Forget gameification, every company is fundamentally already a gaming company. This is how:
- According to Bernard Suits playing a game is by definition: «the voluntary attempt to overcome unnecessary obstacles»
- At the same time we can say that any product or service is essentially just a technology getting hired by someone in order to enable a behavior that helps them achieve a goal. (Outcome-Driven Innovation and Jobs-To-Be-Done)
Applying these two into the same logic we can suggest that a product or service is an unnecessary obstacle between people and what people want. E.g. companies don’t need consultants, they are just obstacles a company voluntarily hires in order to achieve something else.
The concept of a game and the concept of a product or service therefore carries several interesting similarities.
This could mean two things:
- It becomes more obvious that companies run on a product/production centric mindset are missing out on important human factors for motivating customers to use and participation. Because, what is a game (product or service) without any motivational mechanics or dynamics for incentivizing action?
- Applying motivational drivers (game mechanics + human dynamics) should to a larger extent be thought of as a natural part of any product or service, because the product or service is already a game.
This could introduce alternative mindsets to designing and engineering new products or services:
A. According to Robin Hunicke a game (product or service) is designed around three components: Mechanics + Dynamics = Aesthetics
The mechanics are the objects required to play the game and the rules for how to play it (your off-the-shelf product or service). The dynamics are the human behaviors and interactions that occur from engaging with the dynamics. And lastly these two essentially make up the experience, or the aesthetic of the firms offering.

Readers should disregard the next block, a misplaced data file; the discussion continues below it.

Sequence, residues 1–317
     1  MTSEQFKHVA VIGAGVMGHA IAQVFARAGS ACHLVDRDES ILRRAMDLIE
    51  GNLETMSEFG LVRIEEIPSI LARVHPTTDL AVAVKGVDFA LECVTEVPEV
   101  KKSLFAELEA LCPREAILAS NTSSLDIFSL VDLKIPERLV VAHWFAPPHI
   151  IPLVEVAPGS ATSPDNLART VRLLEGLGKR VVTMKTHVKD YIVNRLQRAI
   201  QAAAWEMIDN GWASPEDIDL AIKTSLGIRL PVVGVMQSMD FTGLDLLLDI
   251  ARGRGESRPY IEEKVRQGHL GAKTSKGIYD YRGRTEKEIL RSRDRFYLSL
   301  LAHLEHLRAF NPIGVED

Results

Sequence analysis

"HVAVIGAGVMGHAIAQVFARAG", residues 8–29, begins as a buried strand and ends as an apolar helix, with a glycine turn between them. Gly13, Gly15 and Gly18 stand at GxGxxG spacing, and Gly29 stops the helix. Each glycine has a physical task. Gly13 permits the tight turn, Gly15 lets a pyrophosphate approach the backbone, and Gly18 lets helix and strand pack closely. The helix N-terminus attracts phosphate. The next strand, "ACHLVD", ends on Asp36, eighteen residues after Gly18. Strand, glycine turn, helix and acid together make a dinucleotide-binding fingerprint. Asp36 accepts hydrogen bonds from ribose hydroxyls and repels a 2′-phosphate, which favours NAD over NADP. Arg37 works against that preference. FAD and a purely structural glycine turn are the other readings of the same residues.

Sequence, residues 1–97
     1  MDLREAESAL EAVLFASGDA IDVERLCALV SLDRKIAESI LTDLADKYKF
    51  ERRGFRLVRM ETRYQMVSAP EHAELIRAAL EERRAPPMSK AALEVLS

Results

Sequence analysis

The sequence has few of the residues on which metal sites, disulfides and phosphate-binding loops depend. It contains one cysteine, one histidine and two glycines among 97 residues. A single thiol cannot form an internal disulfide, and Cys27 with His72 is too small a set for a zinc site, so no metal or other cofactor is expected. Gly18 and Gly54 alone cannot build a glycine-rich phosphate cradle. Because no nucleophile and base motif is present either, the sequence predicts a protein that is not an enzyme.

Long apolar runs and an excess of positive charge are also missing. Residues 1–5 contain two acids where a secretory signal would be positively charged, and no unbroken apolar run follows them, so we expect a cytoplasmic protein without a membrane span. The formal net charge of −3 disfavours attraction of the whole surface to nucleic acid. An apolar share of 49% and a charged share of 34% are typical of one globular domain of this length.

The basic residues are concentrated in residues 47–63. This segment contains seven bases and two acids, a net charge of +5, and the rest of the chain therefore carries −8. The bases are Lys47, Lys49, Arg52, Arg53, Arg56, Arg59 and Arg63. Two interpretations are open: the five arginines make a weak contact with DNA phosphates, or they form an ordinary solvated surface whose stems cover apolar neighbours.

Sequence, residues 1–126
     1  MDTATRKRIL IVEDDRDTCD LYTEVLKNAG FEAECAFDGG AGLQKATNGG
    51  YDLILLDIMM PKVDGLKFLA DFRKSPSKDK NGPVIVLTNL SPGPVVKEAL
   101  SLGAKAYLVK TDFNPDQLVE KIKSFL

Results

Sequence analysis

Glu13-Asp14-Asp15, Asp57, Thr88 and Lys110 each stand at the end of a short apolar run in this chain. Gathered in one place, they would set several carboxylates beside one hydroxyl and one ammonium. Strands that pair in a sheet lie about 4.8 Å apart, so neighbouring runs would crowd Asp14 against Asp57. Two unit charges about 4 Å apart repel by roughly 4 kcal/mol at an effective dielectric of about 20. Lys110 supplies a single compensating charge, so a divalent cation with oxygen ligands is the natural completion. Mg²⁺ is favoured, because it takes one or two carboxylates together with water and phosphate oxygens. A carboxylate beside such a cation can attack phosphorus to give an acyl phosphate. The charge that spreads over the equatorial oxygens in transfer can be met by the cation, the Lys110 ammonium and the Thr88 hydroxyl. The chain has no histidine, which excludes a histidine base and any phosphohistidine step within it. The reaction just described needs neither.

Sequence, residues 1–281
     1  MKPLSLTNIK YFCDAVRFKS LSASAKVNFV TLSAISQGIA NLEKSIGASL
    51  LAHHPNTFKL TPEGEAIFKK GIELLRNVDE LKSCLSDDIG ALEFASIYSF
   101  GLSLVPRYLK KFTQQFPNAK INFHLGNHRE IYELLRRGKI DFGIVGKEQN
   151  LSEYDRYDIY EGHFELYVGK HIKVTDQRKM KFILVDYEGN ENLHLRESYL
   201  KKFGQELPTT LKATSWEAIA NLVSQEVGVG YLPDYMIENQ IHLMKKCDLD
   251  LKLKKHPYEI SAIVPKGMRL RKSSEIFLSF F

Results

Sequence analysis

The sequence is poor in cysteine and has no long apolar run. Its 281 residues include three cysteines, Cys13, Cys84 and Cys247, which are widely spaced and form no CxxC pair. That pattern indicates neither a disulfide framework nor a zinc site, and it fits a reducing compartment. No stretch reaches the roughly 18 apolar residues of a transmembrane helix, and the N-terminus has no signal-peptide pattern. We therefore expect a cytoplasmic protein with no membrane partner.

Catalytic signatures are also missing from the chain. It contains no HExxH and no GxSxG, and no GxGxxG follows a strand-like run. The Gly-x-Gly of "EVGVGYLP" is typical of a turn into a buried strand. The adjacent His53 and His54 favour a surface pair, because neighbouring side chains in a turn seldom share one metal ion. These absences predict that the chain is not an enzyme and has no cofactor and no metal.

Think of this in terms of poker: The mechanics of poker are the rules and the card deck. But as these rules come in contact with a group of players something more happens – bluffing. Nowhere in the rulebooks of Poker are there any rules on bluffing. This is a dynamic/hack that people have invented to augment the mechanics and increase the aesthetics of Poker. How would this work for your product or service?
B. Re-imagine the power of any product or service. It’s not just a loaf of bread or a pair of socks (that is product thinking). It has the potential to create enthusiasm and engagement far outside our imagination. With a M+D=A mindset it has the possibility to ignite far stronger motivational states in your customers, users, participants and partners. Jane McGonigals TED-talk mentions the four essentials traits of a player (customer) – can this apply to your products and services as well?:
- Blissfull productivity
- Social fabric
- Urgent optimism
- Epic meaning
Rather than gameification, which tries resuscitate a dud product or service with an extrinsic layer of game mechanics as a last resort. I’m suggesting that your are already making a game (and that a game is not what you think it is). And analyzing your products or services according to the model proposed by Robin Hunicke might unleash some new approaches and thinking.